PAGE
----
The right to food – where are we in Scotland?

Date: 2nd May 2017
Category: Disability, Basic Health and Welfare

The UN Special Rapporteur on the Right to Food, Hilal Elver, recently visited Scotland. Despite encouraging Scotland in its opportunities to lead on the right to food, Scottish charities report increasing hunger issues for children and families.

The visit of Hilal Elver was coordinated by Nourish Scotland, an NGO campaigning on food justice issues in Scotland.
Speaking about her visit, Hilal highlighted Scotland's opportunity to lead on the right to food through the forthcoming Good Food Nation Bill: "My visit to Scotland has been to inform and inspire decision-makers on the opportunity Scotland has to be a European leader on the right to food."

"I congratulate the Scottish Government on the progress it has made so far, and encourage them to show leadership by protecting and progressing the right to food in the Good Food Nation Bill."

"Scotland has some challenges on the right to food, including high levels of food insecurity and diet related health inequalities, problems with access to land, and an agricultural subsidy scheme that is not aligned to social, environmental, and climate commitments - but you also have many opportunities."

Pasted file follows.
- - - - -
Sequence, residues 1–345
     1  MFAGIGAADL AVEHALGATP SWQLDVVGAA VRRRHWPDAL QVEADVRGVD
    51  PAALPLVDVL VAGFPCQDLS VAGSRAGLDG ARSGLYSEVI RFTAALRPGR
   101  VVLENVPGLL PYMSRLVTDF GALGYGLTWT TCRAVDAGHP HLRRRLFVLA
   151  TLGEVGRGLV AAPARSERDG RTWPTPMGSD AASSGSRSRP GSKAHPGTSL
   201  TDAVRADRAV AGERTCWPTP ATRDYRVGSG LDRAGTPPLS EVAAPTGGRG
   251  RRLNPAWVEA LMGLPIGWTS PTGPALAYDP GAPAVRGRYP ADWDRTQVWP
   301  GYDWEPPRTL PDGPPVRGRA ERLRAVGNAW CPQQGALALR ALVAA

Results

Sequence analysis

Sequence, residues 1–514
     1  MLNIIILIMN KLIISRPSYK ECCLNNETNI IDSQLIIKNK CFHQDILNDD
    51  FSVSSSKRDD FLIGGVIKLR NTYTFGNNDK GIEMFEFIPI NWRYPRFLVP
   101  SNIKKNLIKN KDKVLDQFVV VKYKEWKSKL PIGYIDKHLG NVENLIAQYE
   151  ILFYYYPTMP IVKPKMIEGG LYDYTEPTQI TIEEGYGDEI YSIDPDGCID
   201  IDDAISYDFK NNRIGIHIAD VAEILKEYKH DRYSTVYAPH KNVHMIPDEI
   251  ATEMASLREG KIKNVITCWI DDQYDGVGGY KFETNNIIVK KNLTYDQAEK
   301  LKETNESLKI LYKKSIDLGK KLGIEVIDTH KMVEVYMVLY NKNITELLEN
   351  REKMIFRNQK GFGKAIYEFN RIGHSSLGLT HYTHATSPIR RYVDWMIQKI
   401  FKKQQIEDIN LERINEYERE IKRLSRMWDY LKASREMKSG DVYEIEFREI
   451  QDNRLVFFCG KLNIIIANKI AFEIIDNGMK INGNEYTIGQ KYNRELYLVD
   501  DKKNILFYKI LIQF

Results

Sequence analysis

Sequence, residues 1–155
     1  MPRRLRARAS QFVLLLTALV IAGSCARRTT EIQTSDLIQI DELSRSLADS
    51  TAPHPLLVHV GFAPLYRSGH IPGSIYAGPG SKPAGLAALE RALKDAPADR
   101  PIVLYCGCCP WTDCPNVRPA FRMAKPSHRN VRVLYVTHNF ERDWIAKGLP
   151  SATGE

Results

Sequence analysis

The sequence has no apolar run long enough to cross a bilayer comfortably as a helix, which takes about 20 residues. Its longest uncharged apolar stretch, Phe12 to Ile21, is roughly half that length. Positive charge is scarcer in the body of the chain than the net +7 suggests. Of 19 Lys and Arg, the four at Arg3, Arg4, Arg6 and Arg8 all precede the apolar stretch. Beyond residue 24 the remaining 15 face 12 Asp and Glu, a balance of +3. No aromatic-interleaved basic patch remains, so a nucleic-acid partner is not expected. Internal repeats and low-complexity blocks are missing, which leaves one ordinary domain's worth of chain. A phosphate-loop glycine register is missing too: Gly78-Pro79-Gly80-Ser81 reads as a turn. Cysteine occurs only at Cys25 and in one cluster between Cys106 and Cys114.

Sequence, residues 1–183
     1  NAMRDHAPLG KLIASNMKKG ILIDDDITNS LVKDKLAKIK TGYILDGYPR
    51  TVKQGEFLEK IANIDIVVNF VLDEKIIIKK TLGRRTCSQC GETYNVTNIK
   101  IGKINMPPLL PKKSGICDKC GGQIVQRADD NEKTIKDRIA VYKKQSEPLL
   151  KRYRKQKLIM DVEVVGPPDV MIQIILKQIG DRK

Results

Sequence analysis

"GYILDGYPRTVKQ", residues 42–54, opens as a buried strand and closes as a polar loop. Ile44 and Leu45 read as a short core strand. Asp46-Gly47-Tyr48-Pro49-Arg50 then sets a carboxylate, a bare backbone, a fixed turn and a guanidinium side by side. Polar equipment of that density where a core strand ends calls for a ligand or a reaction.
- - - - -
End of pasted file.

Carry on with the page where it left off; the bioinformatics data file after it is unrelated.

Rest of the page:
"A hard Brexit brings many new challenges to Scotland's right to food obligations, including risks to farm incomes from export tariffs and unregulated cheap imports, but it is also a chance to rethink outdated policies - particularly on agricultural subsidies."

However, the Trussel Trust charity says that a record number of Scots are relying on help from foodbanks. Last year, more than 145,000 packages were given out by the charity - the most ever. It is estimated that this helped to stave off hunger in almost 50,000 children and is enough to feed the entire population of Dundee.

Meanwhile a poll by The Poverty Alliance found that one in three Scots on low income struggle to put food on the table. The poll shows that those on low incomes are not only skipping meals but also falling behind on bills, rent and mortgage payments. The findings reveal they are topping up their incomes with credit cards and loans, and borrowing to get by.

In its assessment of the UK last year, the UN Committee on the Rights of the Child made a recommendation with regards to the stark health inequalities that continue to exist in Scotland as well as issues affected by recent austerity measures including food insecurity, welfare reform, poverty and homelessness.